Thursday, December 29, 2011

Tradtional Chinese Medicine: Skeptically approaching a Skeptical history

I was recently asked what I thought about this skeptical piece on the history of Traditional Chinese Medicine (TCM) in the USA,:
Dunning, Brian. "Mao's Barefoot Doctors: The Secret History of Chinese Medicine." Skeptoid Podcast. Skeptoid Media, Inc., 24 May 2011. Web. 29 Dec 2011.
Unfortunately, I found it full of inaccuracies and misconceptions. I wish skeptics would be more careful of their facts when they try to correct misunderstandings. And I wish other skeptics would be more careful of their facts when reading their works.

To Allan and others,

I've now read the skeptoid report your mention. I'm afraid I do not consider it a reliable description of  the history of traditional Chinese medicine either in the West or in Asia.

Three big problems (IMHO).

1) He overstates the condition of Western (allopathic) medicine in urban China during the time period he discusses. China has always had a shortage of  doctors trained in modern medicine. I'm not sure if they do now or not. I'd need to find reliable sources (and I don't trust the PRC gov't.) Also since the Chinese system includes MDs with three styles of training (Western style with a post-graduate MD degree, as well as those with basically a four or five year bachelor's style MD degree) you'd have to be careful to define what you're measuring exactly.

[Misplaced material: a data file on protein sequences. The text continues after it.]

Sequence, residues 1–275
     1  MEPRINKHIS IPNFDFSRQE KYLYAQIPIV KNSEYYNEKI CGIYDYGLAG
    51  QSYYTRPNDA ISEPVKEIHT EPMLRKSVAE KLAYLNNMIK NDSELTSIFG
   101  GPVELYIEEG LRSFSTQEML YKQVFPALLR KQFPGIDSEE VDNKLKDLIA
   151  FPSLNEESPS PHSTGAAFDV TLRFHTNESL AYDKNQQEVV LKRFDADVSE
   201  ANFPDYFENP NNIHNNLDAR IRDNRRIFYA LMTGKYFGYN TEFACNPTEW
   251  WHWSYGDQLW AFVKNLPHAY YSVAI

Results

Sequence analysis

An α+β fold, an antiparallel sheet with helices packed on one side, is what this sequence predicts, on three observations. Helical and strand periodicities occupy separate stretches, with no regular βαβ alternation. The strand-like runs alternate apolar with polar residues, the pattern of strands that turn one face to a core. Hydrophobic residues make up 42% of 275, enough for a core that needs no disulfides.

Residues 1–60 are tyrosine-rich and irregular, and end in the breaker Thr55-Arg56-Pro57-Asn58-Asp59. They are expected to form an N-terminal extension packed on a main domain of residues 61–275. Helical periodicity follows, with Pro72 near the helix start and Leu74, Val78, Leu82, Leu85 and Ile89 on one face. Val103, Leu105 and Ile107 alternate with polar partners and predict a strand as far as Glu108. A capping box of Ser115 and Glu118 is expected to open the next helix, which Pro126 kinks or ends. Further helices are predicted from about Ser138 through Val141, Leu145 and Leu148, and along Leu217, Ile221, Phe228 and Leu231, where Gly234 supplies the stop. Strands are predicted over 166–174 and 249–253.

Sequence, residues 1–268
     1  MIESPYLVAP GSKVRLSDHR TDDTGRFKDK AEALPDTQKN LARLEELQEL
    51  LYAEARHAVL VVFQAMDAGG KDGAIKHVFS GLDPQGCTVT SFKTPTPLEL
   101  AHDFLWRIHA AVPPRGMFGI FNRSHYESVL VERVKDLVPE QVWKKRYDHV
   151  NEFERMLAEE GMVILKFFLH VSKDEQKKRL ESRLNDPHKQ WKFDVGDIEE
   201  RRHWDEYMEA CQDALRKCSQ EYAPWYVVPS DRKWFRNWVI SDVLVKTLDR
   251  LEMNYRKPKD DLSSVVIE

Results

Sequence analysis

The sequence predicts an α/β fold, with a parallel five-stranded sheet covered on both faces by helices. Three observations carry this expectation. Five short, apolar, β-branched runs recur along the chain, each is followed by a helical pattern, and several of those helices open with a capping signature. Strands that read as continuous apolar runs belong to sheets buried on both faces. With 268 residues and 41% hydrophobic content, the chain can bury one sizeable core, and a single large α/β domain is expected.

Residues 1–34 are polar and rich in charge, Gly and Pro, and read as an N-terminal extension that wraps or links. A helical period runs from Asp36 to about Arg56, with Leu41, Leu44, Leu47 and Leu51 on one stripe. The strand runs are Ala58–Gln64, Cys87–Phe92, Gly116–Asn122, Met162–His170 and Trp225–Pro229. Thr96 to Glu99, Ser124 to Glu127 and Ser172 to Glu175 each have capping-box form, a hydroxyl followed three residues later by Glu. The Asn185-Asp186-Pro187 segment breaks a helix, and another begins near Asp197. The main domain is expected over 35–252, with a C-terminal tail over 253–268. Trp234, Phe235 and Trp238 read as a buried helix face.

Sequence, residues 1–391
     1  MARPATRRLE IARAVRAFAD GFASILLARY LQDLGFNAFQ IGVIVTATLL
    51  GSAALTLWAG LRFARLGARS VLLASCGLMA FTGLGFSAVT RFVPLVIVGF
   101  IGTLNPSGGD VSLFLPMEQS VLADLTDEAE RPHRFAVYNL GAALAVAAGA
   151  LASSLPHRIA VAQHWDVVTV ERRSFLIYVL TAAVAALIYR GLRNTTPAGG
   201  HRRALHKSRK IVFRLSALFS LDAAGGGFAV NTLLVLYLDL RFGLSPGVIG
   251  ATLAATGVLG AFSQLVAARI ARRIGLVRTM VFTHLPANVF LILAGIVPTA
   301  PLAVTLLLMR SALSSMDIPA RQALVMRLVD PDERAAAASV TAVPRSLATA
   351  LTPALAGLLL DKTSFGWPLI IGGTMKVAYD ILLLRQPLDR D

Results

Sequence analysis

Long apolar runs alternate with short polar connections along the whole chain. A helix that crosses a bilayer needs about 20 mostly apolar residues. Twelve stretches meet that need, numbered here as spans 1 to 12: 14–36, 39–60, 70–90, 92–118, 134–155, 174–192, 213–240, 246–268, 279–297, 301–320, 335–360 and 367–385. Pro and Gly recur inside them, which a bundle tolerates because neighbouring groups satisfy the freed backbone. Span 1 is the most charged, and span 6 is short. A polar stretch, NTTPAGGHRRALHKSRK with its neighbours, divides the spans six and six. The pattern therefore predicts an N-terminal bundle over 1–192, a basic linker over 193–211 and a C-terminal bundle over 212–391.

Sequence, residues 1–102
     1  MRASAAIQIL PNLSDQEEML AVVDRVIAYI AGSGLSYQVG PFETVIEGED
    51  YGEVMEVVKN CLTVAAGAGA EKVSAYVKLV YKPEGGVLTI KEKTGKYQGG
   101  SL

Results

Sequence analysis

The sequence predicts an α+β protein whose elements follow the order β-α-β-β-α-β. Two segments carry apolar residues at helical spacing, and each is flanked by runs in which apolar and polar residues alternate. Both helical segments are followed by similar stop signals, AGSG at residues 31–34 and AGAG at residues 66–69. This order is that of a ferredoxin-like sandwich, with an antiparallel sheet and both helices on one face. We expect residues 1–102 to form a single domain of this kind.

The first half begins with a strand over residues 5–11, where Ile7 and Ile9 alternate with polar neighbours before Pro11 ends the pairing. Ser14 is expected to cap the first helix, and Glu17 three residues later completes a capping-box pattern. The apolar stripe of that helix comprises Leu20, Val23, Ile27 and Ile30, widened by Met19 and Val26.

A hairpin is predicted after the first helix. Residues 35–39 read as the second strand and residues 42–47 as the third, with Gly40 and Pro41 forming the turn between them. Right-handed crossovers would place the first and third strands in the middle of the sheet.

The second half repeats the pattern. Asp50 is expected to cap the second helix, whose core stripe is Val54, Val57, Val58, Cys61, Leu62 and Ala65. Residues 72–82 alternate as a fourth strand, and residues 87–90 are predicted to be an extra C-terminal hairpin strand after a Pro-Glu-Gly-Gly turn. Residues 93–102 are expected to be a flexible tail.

2) He ignores the political atmosphere that led to the rise (and perhaps end) of the "barefoot doctor" phenomena. (It was in part an attempt by Mao to undermine the influence of Western trained or influenced intellectuals who happened to be working in healthcare.)

3) He ignores the entire history of Chinese traditional healthcare systems prior to the time period he discusses.

In short, although I am not familiar with other works by the author, I don't think this one is terribly helpful for those trying to understand these things. You might try seeing my article, and perhaps more importantly the shorter, earlier article that is in the reference list to this article.

Peter Huston

Tuesday, December 27, 2011

Refugee Stuff, Burmese Names, Part Four, Naming Practices in General and a Brief Introduction to Burma

Naming Practices in General